Peggy Ryan, a frequent visitor to Rome and an expat living in Italy, is a friend of DoctorsinItaly and an international educator working with American students visiting Italy to travel and study. She also runs a travel blog called Gracefully Global.
We’ve asked her to share the most common health complaints she hears from her students and her advice for staying healthy while traveling in Italy.
Nothing can ruin a vacation faster than being stuck in a hotel room because you’re too sick to move around. Or even worse, in a hospital.
So far, so good;
I’ve been lucky and never missed out on any big travel experience due to my health.
Traveling is exciting so it’s easy to get distracted by what our bodies are telling us but staying in good health is essential while we travel so it shouldn’t be ignored.
My job is to remind my students to take care of themselves and to seek medical attention if they aren’t feeling well.
Fortunately, most of the common health issues that affect travelers are preventable by great packing, planning in advance, and checking in with yourself regularly.
I’ve included a list here of some of the health challenges that I’ve encountered and watched a lot of fellow travelers encounter frequently.
An overnight flight through multiple time zones is enough to throw anyone out of whack.
Take a loss of a night’s sleep on the plane and compound that with inability to sleep due to big time differences.
Add a significant increase in activity levels from sightseeing adventures, and you might have a case of sleep deprivation and/or exhaustion on your hands.
How can you prevent this?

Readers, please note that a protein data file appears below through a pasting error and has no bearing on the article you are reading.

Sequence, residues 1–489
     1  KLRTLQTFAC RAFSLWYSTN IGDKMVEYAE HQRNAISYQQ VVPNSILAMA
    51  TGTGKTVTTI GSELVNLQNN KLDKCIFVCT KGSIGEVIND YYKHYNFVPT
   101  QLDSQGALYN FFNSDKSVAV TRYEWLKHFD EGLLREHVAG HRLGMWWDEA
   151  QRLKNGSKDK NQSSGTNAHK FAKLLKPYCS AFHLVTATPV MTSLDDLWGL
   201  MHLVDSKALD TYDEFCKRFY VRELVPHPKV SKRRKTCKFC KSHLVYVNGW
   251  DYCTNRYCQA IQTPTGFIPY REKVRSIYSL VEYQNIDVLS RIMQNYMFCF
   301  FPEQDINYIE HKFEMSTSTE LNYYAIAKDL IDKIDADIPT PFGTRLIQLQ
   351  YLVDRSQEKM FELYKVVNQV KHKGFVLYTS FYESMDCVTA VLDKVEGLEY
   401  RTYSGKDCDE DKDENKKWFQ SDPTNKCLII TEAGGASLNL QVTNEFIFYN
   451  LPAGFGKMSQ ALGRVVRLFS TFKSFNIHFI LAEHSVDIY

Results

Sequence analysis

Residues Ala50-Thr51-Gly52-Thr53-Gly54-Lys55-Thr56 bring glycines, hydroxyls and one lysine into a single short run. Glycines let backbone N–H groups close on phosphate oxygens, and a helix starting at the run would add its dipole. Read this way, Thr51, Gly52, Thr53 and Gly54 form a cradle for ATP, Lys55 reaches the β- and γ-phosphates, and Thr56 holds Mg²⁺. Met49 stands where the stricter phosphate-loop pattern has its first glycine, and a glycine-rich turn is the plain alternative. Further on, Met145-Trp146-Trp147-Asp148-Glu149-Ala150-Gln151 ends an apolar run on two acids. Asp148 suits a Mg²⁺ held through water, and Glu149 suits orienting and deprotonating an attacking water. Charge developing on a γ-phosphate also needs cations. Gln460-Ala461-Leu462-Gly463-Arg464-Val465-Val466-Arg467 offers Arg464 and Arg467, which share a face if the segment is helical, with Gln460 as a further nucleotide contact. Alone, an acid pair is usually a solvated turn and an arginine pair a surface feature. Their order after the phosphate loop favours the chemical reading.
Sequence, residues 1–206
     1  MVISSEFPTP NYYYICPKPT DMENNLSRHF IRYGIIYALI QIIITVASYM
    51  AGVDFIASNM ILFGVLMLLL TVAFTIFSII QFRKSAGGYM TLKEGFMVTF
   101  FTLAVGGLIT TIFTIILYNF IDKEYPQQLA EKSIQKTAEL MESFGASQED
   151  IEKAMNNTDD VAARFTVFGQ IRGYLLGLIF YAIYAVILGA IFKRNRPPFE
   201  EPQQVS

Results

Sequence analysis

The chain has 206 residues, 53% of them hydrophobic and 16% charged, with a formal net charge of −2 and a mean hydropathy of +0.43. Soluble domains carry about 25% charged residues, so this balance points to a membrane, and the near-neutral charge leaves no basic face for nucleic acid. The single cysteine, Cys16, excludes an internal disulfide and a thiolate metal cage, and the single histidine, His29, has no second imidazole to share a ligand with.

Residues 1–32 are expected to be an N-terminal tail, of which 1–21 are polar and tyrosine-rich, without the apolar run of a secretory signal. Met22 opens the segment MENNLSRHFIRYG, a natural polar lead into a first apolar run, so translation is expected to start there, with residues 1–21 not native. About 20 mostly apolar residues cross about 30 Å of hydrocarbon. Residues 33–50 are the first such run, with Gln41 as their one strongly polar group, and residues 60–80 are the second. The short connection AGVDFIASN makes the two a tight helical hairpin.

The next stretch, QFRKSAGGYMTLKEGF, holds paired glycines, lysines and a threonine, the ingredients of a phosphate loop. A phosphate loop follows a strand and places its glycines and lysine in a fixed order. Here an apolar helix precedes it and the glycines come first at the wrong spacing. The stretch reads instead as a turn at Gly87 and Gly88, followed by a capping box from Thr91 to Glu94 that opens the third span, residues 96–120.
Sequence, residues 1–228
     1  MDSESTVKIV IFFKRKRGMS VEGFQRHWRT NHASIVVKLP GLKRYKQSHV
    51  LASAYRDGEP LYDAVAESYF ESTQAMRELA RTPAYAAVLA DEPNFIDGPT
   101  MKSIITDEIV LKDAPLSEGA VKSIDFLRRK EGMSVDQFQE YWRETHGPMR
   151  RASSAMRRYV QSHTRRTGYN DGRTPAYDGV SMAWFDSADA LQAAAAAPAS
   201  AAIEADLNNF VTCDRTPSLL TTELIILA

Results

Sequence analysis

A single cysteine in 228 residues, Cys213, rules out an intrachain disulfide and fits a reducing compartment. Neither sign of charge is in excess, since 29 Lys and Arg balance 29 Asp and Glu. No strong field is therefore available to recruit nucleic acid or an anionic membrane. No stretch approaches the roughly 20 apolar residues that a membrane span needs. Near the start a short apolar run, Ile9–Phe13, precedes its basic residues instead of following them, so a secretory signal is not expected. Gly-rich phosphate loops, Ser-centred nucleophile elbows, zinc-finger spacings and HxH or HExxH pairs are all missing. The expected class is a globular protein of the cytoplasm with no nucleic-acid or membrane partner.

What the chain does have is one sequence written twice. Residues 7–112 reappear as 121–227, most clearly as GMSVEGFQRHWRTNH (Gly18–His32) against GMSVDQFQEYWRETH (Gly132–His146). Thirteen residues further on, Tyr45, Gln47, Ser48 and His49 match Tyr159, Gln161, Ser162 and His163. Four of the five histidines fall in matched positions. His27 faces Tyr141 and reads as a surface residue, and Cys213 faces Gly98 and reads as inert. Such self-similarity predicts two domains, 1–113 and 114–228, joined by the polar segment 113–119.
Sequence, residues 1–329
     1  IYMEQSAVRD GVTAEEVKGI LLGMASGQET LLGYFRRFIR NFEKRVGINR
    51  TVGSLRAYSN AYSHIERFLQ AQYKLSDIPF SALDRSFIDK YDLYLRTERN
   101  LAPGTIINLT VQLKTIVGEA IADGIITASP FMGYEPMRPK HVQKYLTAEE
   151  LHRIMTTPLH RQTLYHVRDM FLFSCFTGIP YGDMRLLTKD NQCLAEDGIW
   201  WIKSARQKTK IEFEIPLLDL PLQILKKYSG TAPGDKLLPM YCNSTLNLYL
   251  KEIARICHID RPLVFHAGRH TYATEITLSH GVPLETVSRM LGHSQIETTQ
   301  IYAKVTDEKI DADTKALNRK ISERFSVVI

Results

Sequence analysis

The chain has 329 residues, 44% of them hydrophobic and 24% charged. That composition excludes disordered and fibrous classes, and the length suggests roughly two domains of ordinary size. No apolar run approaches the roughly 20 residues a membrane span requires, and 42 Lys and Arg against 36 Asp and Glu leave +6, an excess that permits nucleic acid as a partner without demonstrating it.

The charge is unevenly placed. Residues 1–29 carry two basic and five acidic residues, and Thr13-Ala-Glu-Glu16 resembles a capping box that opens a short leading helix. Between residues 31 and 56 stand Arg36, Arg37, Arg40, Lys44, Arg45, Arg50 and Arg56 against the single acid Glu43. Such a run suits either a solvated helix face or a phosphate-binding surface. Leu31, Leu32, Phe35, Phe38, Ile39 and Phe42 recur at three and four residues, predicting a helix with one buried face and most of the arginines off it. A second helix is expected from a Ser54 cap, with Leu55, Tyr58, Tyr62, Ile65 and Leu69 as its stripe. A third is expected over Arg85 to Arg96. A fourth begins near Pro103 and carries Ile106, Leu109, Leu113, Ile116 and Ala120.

Stick to a daily routine and make sure to dedicate enough time in your schedule for a full night’s sleep.
Spend some time outside during the daytime to help your body get used to the daylight hours of the new time zone.
In more extreme circumstances, what I’ve mentioned above combined with the excitement and stress of your travels and a sharp spike in your physical activity can lead to fatigue.
Many of the travelers I work with have the idea that their current trip is their one and only shot at seeing Italy, and subsequently, they push themselves too hard during their travels.
But I just booked my latest round trip international flight for under $500, which is less than the cost of many medical treatments in the United States.
Our adventures aren’t as out of our reach as we think they are, and certainly aren’t worth risking our health for.
If you don’t have the time or energy to see everything on the first trip, you can always go back.
What can you do to prevent fatigue?
Keep in mind: it is better to see less and enjoy the experience as your healthiest, best self, than overdoing it, hurting your health, and not being able to enjoy the experience.
Plan your vacation with your well-being in mind by leaving wiggle-room in your itinerary for a nap, a relaxing meal, or some quiet time. If you’re doing a lot of walking, take lots of water and meal/snack breaks throughout the day.
If you’re having trouble sleeping at night, consider cutting your sight-seeing short so you can start relaxing early to prepare yourself for sleep.
Don’t underestimate how issues with your skin can affect your overall comfort level, but the good news is that skin issues are easily preventable if you pack well.
My students and I often suffer from mosquito bites during our travels in Italy, as air conditioning is not common, and windows aren’t screened.
Lots of scratching of bites have caused cases of infection and major skin inflammation.
Blisters are common due to the extreme amounts of walking, and sunburn comes from all of the sun exposure from being a tourist and exploring all day.
How can you prevent this?
Bring comfortable shoes that you’ve had a chance to break in so they won’t give you blisters.
Pack good quality band-aids that will hold up against all the walking you’re going to be doing.
Pack hats and light, loose-fitting clothing to protect your skin from the sun. Put on sunscreen every morning before you leave your hotel.